As scholar Louis Schwartz aptly described, the relegation of the Brown Shoe methodology and its brazen replacement with econometrics under the 1982 guidelines represented a “legal smuggling” of byzantine economic criteria into antitrust litigation.
Besides facilitating the de-economization of antitrust enforcement, abandoning the econometric process would have other notable benefits. First, relying entirely on the Brown Shoe methodology would restrict the power of judges, lawyers, and economists by making the law more comprehensible to litigants. Giving power back to litigants would contribute to making antitrust law less technocratic and abstruse and more democratically accountable. For example, in some cases, economists have great difficulty explaining their findings to judges in intelligible terms. In extreme cases, judges are required to hire their own economic experts just to decipher the material presented by the litigants. Simply stated, the law is not just for economists, judges, or lawyers; it is also for ordinary people. Discarding the econometric tests for market definition facilitates not only the understanding of antitrust law, but also how to stay within its boundaries.
Second, reverting to the Brown Shoe methodology would make antitrust law fairer and promote its enforcement. The only parties that stand to gain from employing econometric tests are the economists conducting the analysis, the lawyers defending large corporations, and corporations who wish to be shielded from the antitrust laws. Frequently charging more than a $1,000 dollars an hour, economists are also extraordinarily expensive for litigants to employ, creating an exceptionally high barrier to otherwise meritorious legal claims.
Since 1982, market definition in antitrust litigation has lingered in a highly nebulous environment, where both the econometric tests informing the HMT and the Brown Shoe methodology co-exist but with only the Brown Shoe methodology having explicit approval by the Supreme Court. Even in its highly contentious and confusing 2018 ruling in Ohio v. American Express, the Supreme Court did not mention or cite the econometric processes currently employed by courts and detailed in the merger guidelines to define relevant markets. In fact, in a brief statement, the Court reaffirmed the controlling process it developed in Brown Shoe, yet lower courts continue to cite the failure of plaintiffs to meet the requirements of the econometric market definition process as one of the primary reasons to dismiss antitrust cases. Putting it aptly, Professor Jonathan Baker has stated that the “outcome of more [antitrust] cases has surely turned on market definition than on any other substantive issue.”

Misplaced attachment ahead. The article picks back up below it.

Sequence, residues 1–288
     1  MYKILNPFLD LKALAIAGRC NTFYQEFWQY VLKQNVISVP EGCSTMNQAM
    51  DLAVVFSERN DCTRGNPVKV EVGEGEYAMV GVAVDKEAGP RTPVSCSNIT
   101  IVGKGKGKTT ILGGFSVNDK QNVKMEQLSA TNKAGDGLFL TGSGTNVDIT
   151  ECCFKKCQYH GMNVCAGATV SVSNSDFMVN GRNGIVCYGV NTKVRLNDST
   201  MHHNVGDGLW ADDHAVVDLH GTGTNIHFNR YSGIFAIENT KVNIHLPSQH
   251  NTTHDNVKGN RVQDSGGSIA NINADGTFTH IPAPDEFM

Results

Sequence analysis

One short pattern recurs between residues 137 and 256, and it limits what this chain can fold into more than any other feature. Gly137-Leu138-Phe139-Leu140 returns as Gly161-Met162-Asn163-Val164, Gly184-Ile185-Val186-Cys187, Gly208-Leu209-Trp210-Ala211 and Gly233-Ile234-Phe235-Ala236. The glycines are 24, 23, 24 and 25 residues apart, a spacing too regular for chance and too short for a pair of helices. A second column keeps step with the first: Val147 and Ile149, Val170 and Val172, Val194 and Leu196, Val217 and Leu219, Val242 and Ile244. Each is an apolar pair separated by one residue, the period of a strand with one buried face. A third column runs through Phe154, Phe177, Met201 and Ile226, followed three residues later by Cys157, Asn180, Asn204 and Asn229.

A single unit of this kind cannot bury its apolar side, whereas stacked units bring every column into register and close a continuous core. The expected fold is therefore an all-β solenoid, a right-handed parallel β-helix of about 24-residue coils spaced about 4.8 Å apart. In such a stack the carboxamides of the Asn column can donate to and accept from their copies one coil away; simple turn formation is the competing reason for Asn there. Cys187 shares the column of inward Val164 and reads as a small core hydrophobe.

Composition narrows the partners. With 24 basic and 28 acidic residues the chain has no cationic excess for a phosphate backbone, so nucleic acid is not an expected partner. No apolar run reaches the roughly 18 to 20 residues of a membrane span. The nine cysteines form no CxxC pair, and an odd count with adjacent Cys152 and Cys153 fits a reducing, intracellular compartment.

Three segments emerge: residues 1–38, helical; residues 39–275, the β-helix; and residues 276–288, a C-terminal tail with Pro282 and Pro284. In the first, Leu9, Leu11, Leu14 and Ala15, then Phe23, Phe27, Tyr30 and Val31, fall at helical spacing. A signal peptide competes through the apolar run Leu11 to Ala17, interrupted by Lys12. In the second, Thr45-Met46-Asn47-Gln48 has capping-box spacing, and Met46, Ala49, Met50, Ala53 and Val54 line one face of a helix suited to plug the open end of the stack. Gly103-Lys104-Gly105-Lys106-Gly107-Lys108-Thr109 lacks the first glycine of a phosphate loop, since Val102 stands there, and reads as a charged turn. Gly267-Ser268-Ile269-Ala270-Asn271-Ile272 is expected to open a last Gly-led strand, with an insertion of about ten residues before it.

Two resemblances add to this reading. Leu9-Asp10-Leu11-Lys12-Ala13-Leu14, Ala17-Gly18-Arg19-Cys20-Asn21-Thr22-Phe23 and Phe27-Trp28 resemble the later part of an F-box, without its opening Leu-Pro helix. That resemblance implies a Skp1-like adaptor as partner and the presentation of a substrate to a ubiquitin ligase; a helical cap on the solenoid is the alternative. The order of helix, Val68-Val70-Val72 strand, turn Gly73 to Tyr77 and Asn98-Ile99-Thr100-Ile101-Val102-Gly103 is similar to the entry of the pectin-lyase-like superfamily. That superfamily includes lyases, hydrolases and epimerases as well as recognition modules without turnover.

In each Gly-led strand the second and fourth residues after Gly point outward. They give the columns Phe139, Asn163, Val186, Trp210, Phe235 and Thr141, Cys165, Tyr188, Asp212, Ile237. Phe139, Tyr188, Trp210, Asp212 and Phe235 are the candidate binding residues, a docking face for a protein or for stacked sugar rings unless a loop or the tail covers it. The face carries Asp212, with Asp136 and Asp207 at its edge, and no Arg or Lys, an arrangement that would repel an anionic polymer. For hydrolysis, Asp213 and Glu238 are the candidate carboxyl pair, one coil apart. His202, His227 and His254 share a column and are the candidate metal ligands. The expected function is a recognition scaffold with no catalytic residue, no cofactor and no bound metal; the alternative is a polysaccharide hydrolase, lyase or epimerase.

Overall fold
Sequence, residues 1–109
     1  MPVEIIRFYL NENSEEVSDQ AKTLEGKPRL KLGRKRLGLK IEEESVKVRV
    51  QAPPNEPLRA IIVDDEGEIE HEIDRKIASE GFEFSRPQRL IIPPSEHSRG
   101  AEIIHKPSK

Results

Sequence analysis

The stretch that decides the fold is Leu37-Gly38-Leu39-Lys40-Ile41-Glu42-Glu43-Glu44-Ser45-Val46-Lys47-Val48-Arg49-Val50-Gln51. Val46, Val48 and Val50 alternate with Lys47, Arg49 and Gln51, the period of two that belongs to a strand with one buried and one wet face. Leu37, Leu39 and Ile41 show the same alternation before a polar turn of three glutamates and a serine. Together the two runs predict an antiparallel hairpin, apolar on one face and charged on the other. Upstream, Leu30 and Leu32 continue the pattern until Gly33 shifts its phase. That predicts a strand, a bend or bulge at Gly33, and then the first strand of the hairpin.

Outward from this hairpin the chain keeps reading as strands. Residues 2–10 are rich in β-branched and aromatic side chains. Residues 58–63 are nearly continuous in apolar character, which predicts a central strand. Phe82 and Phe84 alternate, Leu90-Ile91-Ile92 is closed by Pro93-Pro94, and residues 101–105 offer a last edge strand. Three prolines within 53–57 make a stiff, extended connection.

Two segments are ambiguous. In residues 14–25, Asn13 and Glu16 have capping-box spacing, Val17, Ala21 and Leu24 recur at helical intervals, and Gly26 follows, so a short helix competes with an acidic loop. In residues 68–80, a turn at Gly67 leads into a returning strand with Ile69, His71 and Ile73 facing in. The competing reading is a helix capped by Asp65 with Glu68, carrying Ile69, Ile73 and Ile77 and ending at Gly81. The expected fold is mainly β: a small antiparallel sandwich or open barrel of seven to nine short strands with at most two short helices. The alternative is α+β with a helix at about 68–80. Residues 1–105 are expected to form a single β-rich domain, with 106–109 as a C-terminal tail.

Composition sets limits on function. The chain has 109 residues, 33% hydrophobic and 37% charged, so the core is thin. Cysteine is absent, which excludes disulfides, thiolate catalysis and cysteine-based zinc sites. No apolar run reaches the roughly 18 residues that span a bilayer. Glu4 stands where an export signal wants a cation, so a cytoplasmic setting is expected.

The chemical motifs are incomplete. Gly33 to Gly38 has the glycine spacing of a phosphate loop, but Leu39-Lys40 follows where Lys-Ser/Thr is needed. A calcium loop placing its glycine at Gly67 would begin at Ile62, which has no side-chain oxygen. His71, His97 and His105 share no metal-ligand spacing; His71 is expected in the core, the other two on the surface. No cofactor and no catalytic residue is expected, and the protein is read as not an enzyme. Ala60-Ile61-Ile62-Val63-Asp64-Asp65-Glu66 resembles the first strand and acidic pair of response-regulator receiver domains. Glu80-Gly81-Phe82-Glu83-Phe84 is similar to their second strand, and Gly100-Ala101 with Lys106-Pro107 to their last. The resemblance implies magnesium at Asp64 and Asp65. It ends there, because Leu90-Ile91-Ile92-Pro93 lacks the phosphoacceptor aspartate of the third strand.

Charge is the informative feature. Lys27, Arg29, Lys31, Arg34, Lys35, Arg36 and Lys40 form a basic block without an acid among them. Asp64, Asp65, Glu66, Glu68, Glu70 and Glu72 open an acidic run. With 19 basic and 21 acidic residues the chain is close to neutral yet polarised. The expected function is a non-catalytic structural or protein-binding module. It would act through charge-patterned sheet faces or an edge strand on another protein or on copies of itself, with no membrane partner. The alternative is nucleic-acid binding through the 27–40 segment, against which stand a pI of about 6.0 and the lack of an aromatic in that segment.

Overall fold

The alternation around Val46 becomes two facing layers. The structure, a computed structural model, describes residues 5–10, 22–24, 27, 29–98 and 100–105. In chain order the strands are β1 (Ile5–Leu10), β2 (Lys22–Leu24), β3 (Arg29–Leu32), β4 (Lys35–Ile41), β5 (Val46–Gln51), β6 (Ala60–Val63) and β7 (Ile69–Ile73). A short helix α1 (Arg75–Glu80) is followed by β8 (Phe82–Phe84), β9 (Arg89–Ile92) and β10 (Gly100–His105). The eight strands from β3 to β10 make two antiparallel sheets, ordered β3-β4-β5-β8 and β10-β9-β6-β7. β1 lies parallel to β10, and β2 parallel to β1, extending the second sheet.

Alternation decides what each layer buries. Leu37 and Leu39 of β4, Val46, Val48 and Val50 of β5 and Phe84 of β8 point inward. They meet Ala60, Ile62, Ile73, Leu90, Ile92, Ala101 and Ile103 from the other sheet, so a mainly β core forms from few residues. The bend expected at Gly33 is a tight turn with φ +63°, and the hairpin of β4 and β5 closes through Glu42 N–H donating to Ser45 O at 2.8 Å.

While the econometric process is not the exclusive process enforcers use to define markets in antitrust litigation and is often used in conjunction with the Brown Shoe methodology, completely abandoning it is critical to de-economizing antitrust law more generally. Since the late 1970s, primarily due to the work published by Robert Bork and other Chicago School adherents, economics and economic thinking more generally have become deeply entrenched in antitrust litigation. Chicago School thought has essentially made antitrust enforcement of nearly all vertical restraints like territorial limitations per se legal, and since the 1970s, the Supreme Court has overturned many of its per se rules. Contravening controlling case law on vertical mergers, Chicago School thinking has resulted in judges viewing them as almost always benign or even beneficial and failing to condemn them by applying the antitrust laws. Dubious economic assumptions have significantly restricted antitrust liability for predatory pricing, a practice described by the Supreme Court in 1986 as “rarely tried, and even more rarely successful.” As a result, economic thinking and econometric methodologies, though running contrary to Congress’s intent, have served to undermine the enforcement of the antitrust laws. This is not to say there is no role for economists. Economists can engage in essential fact gathering activities or provide scholarly perspective on empirical data that shows how specific business conduct can adversely affect prices, output, consumer choice, or innovation. For example, economic research has found that mergers and acquisitions habitually lead to higher prices and increased corporate profit margins – repudiating the idea that mergers are beneficial for consumers. But economists have little value to add when it comes to market definition.